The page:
Age Discrimination Claim Dismissed; Section 1983 Action Moves Forward

, New York Law Journal


Harvey M. Stone
Harvey M. Stone

This column reports on several significant, representative decisions handed down recently in the U.S. District Court for the Eastern District of New York. Judge Brian M. Cogan held that, by requiring certain employer-plaintiffs affiliated with the Catholic Church to file exemption forms regarding insurance for contraceptive services and to submit the forms to their insurers or third-party administrators, the Affordable Care Act violated plaintiffs' religious rights. Judge Arthur D. Spatt rejected age discrimination claims by a long-time company employee terminated at age 64. Judge Jack B. Weinstein held that the City of New York and three police offers could be liable under section 1983 for damages resulting from a federal prosecution based on the officers' allegedly false testimony. And Judge Spatt, awarding attorney fees to defendants as sanctions where two plaintiffs in a class action case failed to appear for their depositions, reduced the amount requested by 40 percent.

Contraceptive Regulations

In The Roman Catholic Archdiocese of New York v. Sebelius, 12 CV 2542 (EDNY, Dec. 13, 2013), Judge Cogan held that The Patient Protection and Affordable Care Act (ACA) violated the rights of certain organizations affiliated with the Roman Catholic Church by requiring them to engage in administrative steps that amounted to cooperation in the provision of contraceptive services to their employees, in violation of their religious principles.

The ACA regulations require an employer who asserts religious objections to the provision of contraceptive services to complete a self-certification form stating that it is eligible for an exemption from the mandatory provision of such services, and to provide a copy of that form to its insurer or, in the case of a self-insuring entity, to its third-party administrator. The insurer or administrator is then "required to provide or arrange for payment of contraceptive services." Slip op. 10.

Plaintiffs alleged that mandatory participation in this process violated their rights under the Religious Freedom Restoration Act (RFRA), which provides that the government "may substantially burden a person's exercise of religion only if it demonstrates that application of the burden to the person (1) is in furtherance of a compelling governmental interest; and (2) is the least restrictive means of furthering that compelling governmental interest." Slip op. 16, citing 42 U.S.C. §2000bb-1(b).

Cogan rejected the government's argument that the mere act of providing a self-certification is too attenuated to be substantial under RFRA. "[W]here a law places substantial pressure on a plaintiff to perform affirmative acts contrary to his religion, the Supreme Court has found a substantial burden without analyzing whether those acts are de minimis. …There is no way that a court can, or should, determine that a coerced violation of conscience is of insufficient quantum to merit constitutional protection." Slip op. 24-25.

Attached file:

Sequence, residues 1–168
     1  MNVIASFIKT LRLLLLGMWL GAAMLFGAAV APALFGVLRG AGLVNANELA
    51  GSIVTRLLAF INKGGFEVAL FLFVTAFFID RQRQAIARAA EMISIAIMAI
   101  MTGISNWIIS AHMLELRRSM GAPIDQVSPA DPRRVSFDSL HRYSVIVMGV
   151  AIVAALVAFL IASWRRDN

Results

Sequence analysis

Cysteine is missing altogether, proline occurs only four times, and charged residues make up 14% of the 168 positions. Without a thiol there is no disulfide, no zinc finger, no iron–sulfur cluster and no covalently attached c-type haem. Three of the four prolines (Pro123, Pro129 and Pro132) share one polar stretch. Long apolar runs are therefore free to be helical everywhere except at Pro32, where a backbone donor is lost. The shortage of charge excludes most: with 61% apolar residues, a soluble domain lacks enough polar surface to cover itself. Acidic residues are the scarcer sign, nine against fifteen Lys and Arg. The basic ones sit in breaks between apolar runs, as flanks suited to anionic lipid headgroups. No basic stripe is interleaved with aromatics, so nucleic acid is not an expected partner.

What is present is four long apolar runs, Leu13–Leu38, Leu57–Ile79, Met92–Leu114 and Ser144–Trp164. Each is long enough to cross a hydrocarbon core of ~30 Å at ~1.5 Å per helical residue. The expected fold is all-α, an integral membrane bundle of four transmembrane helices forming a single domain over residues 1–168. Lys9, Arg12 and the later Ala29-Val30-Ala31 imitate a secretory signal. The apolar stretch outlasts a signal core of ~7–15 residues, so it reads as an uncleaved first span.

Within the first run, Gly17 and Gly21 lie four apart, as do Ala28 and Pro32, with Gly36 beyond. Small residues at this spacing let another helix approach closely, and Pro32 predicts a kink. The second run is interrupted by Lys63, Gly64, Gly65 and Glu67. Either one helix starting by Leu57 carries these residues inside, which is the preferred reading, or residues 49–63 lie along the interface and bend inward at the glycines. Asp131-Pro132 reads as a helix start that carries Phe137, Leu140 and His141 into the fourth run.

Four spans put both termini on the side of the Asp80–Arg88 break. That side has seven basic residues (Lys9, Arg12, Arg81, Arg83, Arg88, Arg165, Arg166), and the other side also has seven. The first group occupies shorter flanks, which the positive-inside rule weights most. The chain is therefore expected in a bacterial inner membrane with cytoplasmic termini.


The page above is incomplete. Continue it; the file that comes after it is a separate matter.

The government failed to show that there was no less restrictive means of advancing its stated interest in improving public health and equalizing women's access to health care. It could, for example, provide "contraceptive services or insurance coverage directly to plaintiffs' employees, or work with third parties—be it insurers, health care provides, drug manufacturers, or non-profits—to do so without requiring plaintiffs' active participation." Slip op. 34.

The court therefore granted summary judgment to the four plaintiffs who were subject to the self-certification requirements of the ACA regulations. Cogan granted summary judgment to the government dismissing the claims of two plaintiffs (the Archdiocese of New York and the Diocese of Rockville Center) that qualified as "religious employers" under the ACA and were therefore exempt from the self-certification requirements. Slip op. 28-29, 41.


In Robles v. Cox and Company, 11 CV 1975 (EDNY, Nov. 23, 2013), Judge Spatt found defendant entitled to summary judgment on plaintiff's age discrimination claim.

Plaintiff Carmen Robles was terminated by defendant, a manufacturer for the aerospace industry, when she was 64 years old. She had worked there in various positions for more than 40 years. At the time of her termination, in April 2009, she had been working for some seven years in the stockroom. At issue here were her claims under the Age Discrimination in Employment Act of 1967 (ADEA), 29 U.S.C. §621 et seq.; and the New York State Human Rights Law, N.Y.C. Admin. Code §8-107(1)(a) et seq.

Though the New York State Department of Human Rights had found probable cause to support the alleged age discrimination, Spatt held that plaintiff had failed to make out a prima facie case; and that, in any event, defendant had met its burden of showing non-discriminatory reasons for the discharge. The court emphasized the following factors:

• Plaintiff's termination was part of a reduction in force in several steps, whereby defendant, facing financial difficulties, laid off 52 workers—nearly a third of its employees.

• While plaintiff was the oldest of five full-time employees in the stockroom (one other, in her 50s, was also terminated), a company-wide review of the layoffs shows that (1) defendant retained a number of employees in the protected class—that is, over the age of 40; and (2) employees under 40 also lost their jobs.

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